Edith Blakeslee Phelps P1968

Edith Phelps

Edith Blakeslee Phelps P1968

Edith Blakeslee Phelps became the head of the fifth administration in Dana’s 82-year history during the turbulent 1960s. She felt that academic excellence was critically important to the school and that Dana must not only nurture the minds of its students but also their hearts and souls. She succeeded in this mission by instituting many remarkable and innovative academic and social changes at Dana.

Mrs. Phelps was the head the history department and then assistant headmistress at Concord Academy in Concord, Massachusetts before she came to Dana. She arrived at Grove House in 1963 with her three daughters and her dog, Posie. Posie was probably the most beloved of all Dana dogs. She was a “pure mutt” and used to shoot out of Mrs. Phelps’ office at the sound of every passing motorcycle.

Mrs. Phelps made Dana a human place. She brought with her a relaxed atmosphere and a new informality. She quickly became know as “Edie” to the faculty and everyone on campus discovered everyone else’s first names. At eight o’clock each morning outside Mrs. Phelps’ office, Dorothy Maynard, Posie’s official godmother and also Study Hall Supervisor and Advisor to the Day Students, fed Posie her breakfast yummies. In 1964, Mrs. Phelps felt the time had come to replace housemothers with young married couples. These house parents, many of who had young children, brought an exuberance and excitement to Dana. The students felt at ease and enjoyed talking to enthusiastic adults who were not that much older than they were. This sense of community was a new way of rekindling the Eastman sisters’ original intent of having Dana be a “family school.”

Mrs. Phelps was a firm believer that people made a school great. She was fortunate to have Dorothy Farmer as her Associate Principal and Charlotte Puffer 1929 as Assistant Principal. Together they made a great team, each intriguingly different and equipped with unique skills. Mrs. Phelps hired younger faculty with varied backgrounds and points of view and introduced an advising system that fostered a strong academic link between students and faculty.

A wide array of academic choices was offered to students in order to bring the outside world into the classroom. Mrs. Phelps wisely realized that it was important to allow students the opportunity to experience the “vaster campus.” In 1968, seniors were allowed to pursue an independent study. After faculty approval, a senior could devote five to six hours a week, equivalent to a half credit course, to a project based on her own interests and talents. The Pilot Program was another option open to students. Seniors who participated in this program lived in a separate house, prepared their own meals, and spent half of their school time in a supervised apprenticeship in the Boston area. They learned first-hand what it was like to rise early in the morning to commute to jobs in Boston and Cambridge.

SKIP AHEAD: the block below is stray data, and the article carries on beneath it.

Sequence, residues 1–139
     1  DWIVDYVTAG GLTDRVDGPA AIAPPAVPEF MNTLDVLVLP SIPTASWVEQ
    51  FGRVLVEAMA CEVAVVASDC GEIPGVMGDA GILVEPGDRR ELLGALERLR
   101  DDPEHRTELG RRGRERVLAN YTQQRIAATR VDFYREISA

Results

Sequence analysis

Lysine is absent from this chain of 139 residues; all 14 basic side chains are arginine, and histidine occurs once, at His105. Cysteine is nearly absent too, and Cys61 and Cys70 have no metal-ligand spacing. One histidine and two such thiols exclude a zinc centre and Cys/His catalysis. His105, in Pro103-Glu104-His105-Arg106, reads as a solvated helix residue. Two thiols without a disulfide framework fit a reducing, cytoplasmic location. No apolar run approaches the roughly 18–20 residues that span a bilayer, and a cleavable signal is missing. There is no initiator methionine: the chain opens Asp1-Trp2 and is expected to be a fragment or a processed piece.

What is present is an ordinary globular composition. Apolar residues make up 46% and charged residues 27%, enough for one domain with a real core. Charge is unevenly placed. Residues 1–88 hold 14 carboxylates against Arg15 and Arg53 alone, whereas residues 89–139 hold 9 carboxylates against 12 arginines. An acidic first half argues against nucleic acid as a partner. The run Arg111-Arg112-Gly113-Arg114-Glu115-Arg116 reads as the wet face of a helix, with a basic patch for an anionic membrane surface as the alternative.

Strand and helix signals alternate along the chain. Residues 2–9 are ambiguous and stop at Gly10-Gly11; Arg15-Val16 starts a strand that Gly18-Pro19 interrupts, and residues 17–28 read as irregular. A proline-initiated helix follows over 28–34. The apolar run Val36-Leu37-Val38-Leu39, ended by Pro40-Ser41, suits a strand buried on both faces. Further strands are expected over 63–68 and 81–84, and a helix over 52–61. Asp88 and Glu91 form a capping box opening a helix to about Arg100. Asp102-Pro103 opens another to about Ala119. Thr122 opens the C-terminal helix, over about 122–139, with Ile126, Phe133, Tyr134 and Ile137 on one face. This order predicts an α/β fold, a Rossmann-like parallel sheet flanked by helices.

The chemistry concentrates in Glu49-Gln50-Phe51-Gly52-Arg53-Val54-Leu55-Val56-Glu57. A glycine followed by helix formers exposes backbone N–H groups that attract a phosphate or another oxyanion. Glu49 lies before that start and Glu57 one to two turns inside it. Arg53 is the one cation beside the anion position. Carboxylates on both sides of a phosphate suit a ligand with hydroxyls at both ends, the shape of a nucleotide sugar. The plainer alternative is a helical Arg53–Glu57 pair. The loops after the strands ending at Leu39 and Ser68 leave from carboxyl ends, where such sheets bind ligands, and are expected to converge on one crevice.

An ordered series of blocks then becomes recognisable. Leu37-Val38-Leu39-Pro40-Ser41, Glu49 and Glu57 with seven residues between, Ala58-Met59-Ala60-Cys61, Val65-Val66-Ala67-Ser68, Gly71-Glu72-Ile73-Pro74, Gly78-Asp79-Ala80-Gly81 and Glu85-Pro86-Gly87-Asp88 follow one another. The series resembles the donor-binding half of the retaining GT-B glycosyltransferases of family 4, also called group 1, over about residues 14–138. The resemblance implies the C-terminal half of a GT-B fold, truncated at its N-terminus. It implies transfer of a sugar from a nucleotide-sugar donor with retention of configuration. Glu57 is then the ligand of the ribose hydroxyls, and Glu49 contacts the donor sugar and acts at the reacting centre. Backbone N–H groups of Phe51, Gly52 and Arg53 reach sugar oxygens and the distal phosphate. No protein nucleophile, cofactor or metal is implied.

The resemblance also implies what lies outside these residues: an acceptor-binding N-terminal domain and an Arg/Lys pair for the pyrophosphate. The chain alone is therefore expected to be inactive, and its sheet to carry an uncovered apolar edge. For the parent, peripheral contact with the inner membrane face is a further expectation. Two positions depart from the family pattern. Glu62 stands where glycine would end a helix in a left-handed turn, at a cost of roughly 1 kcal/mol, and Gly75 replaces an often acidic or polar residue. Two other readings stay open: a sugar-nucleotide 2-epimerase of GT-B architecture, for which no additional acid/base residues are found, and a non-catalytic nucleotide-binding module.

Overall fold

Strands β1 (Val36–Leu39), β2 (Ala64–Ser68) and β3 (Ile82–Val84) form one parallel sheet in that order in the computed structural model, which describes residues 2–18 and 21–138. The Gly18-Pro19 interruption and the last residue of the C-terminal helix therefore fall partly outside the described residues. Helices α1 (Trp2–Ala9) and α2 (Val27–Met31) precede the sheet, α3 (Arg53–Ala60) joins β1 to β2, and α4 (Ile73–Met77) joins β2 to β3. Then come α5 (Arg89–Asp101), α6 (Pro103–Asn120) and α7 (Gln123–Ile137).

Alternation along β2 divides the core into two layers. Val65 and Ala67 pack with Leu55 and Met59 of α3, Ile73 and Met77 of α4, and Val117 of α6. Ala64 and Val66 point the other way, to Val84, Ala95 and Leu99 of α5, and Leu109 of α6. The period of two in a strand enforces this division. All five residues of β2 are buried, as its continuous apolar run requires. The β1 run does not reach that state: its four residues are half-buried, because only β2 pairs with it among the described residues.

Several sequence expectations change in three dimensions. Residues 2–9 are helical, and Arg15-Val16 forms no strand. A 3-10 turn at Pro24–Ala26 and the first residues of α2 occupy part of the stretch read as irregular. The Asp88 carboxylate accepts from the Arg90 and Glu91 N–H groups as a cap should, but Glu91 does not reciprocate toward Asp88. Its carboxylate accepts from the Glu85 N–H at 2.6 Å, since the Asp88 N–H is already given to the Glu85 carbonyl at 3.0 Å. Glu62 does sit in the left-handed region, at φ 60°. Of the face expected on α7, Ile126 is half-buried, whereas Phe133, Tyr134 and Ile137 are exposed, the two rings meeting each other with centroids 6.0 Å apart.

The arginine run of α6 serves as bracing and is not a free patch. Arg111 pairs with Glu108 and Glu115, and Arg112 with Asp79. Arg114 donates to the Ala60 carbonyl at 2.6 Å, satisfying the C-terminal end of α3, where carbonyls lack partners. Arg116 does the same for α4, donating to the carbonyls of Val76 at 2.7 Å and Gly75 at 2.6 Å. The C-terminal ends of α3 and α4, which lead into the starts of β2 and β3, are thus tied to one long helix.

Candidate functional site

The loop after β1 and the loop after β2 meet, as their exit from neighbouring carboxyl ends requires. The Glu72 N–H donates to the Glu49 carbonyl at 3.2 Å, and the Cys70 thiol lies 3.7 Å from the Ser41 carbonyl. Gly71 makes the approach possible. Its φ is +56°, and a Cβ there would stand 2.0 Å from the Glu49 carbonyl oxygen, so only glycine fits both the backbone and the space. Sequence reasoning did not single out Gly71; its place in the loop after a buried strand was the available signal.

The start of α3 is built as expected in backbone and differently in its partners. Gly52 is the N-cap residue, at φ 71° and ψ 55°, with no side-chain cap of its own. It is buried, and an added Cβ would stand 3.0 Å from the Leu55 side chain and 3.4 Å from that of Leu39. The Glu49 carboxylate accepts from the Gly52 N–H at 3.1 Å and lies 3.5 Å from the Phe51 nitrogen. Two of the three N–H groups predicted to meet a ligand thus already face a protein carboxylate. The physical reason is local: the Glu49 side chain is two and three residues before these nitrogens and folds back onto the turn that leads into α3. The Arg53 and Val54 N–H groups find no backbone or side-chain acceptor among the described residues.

Seniors also participated in the Boston School Volunteer Project under the direction of John Schuler, the Head of the History Department. The girls taught two periods a week on a one-to-one basis with children in five elementary schools in Boston. This program required a tremendous commitment on the part of the students and also on alumnae and parents who drove the girls into Boston and volunteered as teachers’ aides themselves. The students in both of these programs received academic credit. Peter Walsh from the office of Boston’s Mayor Kevin White commended Dana Hall for “…lending a hand in making Boston’s neighborhoods a better place to live.” Referring to the student protests of the 60s, Mr. Walsh said that the school and the community “… should be proud of these young people who have quietly and effectively stopped talking and started doing.”

February Week was another of the “Phelps Firsts.” In 1969, Mrs. Phelps realized that her students’ spirits could use a lift from the intense academic pressure and the tedium of winter. February Week was a time when student and teacher roles could be reversed as all members of the community had the opportunity to offer and participate in instructional workshops on a wide range of topics. The theme of the first February Week in 1969 was “The Inquiring Mind; Shaping Tomorrow and Today,” with Peter Schrag, the Executive Editor for the Saturday Review, as the keynote speaker. Elma Lewis, the director of the Elma Lewis School of Fine Arts and the Founder and Director of the National Center of Afro-American Artists, and poet, author and editor David McCord were some of the other featured speakers.